North Carolina - Judicial system



North Carolina's general court of justice is a unified judicial system that includes appellate courts (court of appeals) and trial courts (superior court). District court judges are elected to four-year terms; judges above that level are elected for eight years.

The state's highest court, the supreme court, consists of a chief justice and six associate justices. It hears cases from the court of appeals as well as certain cases from lower courts. The court of appeals comprises 12 judges who hear cases in 3-judge panels. Superior courts, in 44 districts, have original jurisdiction in most major civil and criminal cases. There are 99 superior court judges appointed by the governor to eight-year terms. All superior court justices rotate between the districts within their divisions. District courts try misdemeanors, civil cases involving less than $5,000, and all domestic cases. They have no juries in criminal cases, but these cases may be appealed to superior court and be given a jury trial de novo; in civil cases, jury trial is provided on demand.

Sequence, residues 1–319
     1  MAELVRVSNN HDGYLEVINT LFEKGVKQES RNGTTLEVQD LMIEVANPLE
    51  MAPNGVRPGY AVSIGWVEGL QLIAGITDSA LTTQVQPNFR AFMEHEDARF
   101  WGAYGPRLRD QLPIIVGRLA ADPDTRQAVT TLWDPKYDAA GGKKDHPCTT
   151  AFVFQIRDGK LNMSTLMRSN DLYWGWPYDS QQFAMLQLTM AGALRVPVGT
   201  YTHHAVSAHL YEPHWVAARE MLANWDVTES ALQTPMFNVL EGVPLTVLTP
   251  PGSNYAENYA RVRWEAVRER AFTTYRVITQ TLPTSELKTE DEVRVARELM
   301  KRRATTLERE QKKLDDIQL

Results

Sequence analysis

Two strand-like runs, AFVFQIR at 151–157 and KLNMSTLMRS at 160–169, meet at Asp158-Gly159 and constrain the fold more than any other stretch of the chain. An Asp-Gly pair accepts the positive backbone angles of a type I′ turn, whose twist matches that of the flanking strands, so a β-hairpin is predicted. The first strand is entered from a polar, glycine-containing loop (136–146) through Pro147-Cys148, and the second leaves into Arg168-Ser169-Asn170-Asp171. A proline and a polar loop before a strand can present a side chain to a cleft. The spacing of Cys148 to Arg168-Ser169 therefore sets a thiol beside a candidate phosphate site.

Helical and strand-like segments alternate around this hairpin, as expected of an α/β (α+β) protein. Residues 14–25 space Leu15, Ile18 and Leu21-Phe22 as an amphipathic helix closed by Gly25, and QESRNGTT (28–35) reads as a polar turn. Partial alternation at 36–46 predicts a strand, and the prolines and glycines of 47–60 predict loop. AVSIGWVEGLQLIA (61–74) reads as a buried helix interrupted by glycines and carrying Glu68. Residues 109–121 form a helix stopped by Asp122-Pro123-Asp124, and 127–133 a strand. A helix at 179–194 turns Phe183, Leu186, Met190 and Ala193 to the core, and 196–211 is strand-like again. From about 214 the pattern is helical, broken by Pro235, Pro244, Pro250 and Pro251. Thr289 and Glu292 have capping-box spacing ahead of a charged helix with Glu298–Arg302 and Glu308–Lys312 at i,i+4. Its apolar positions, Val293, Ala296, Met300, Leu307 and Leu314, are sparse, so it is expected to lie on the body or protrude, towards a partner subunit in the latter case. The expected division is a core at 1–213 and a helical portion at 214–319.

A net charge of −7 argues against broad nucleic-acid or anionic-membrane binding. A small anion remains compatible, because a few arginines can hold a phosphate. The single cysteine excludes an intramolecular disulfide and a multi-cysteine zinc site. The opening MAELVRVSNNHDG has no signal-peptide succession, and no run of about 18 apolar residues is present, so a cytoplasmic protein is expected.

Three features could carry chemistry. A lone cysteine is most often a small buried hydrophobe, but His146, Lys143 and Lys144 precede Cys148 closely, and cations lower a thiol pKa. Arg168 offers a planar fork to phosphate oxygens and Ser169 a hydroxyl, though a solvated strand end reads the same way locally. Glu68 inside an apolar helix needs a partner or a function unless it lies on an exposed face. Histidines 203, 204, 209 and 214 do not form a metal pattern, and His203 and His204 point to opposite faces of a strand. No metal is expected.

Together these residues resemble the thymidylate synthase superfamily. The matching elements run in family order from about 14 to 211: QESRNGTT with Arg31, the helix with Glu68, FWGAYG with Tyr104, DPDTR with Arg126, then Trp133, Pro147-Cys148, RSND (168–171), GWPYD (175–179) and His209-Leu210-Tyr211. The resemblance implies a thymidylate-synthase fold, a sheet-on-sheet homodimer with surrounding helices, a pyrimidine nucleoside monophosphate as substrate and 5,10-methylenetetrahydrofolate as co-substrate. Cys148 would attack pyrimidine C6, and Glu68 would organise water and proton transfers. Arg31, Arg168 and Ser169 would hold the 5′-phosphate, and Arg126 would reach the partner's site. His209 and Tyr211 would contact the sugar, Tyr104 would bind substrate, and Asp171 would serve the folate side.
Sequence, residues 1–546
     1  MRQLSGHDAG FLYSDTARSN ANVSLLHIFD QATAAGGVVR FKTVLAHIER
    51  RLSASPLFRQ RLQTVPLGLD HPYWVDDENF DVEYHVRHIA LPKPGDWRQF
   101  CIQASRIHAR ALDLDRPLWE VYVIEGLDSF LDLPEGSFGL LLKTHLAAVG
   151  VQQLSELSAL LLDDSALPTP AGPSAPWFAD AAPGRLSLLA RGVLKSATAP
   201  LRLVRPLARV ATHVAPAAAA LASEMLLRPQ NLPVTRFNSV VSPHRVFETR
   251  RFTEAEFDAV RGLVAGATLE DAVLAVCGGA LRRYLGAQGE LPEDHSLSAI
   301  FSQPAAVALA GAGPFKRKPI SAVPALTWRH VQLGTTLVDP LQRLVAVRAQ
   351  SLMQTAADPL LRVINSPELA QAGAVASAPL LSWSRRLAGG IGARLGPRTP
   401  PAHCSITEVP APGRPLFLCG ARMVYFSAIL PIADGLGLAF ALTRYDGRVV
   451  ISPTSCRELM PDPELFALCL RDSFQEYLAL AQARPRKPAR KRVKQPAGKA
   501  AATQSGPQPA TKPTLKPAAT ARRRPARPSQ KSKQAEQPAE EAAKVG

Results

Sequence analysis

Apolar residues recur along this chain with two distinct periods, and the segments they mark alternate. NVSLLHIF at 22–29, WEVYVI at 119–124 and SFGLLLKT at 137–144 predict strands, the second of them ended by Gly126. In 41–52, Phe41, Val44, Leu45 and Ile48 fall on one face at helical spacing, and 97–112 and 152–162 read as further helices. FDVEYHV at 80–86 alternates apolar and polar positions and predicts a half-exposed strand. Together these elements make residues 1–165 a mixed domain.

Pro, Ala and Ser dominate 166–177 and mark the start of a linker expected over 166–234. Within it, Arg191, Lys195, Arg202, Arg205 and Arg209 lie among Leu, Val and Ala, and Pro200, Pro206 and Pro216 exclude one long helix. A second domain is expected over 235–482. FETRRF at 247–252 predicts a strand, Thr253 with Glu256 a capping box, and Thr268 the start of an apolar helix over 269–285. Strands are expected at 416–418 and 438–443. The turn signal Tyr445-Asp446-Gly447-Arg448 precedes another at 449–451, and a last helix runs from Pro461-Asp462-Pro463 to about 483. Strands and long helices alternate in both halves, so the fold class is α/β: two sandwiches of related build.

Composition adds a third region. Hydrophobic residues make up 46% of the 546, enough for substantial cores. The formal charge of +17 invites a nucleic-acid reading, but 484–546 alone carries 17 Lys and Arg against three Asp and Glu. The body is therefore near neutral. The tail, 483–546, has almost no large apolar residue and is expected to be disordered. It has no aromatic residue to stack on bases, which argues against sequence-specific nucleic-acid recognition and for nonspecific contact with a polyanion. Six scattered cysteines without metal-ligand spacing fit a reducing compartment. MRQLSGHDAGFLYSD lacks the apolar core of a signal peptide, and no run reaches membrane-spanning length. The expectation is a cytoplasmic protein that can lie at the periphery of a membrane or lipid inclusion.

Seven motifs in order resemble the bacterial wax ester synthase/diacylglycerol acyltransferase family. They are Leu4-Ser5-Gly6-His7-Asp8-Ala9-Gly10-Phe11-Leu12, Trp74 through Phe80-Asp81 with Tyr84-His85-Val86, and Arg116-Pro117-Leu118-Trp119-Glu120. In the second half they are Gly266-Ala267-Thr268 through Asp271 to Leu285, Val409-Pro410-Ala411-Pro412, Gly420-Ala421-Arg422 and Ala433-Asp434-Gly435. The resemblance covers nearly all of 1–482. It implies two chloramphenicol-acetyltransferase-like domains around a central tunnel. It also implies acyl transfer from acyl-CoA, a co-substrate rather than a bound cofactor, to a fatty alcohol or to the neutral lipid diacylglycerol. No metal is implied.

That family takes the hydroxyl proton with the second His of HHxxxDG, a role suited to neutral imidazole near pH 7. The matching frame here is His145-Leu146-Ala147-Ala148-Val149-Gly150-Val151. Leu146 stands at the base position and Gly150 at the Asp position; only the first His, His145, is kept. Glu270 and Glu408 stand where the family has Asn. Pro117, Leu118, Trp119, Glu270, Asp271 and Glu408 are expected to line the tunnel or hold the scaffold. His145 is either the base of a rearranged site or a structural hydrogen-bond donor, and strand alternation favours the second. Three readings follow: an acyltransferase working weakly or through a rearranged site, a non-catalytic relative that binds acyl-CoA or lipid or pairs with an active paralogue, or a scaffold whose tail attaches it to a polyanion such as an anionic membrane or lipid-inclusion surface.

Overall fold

North Carolina had 31,142 prisoners in state and federal correctional institutions in June 2001, an increase of 0.2% from the previous year. The state's incarceration rate stood at 329 per 100,000 population. In 2001 North Carolina's overall crime rate per 100,000 persons was 4,938.0, including a total of 40,465 violent crimes and 363,777 crimes against property in that year.

North Carolina punishes crime severely. From 1930 to 1997, the state executed 271 persons, and executed 25 people between 1977 and 2003. The US Supreme Court invalidated North Carolina's death penalty statute in 1976, and the sentences of all inmates then on death row reverted to life imprisonment. The state passed a new capital punishment statute in 1977 that apparently assuaged the Court's objections. Two persons were executed in 1984—the state's first executions since 1961. One of the prisoners executed that year, Velma Barfield, was the first woman executed in the US since 1962 and the first in North Carolina since 1944. In 2003, there were 217 persons under sentence of death.



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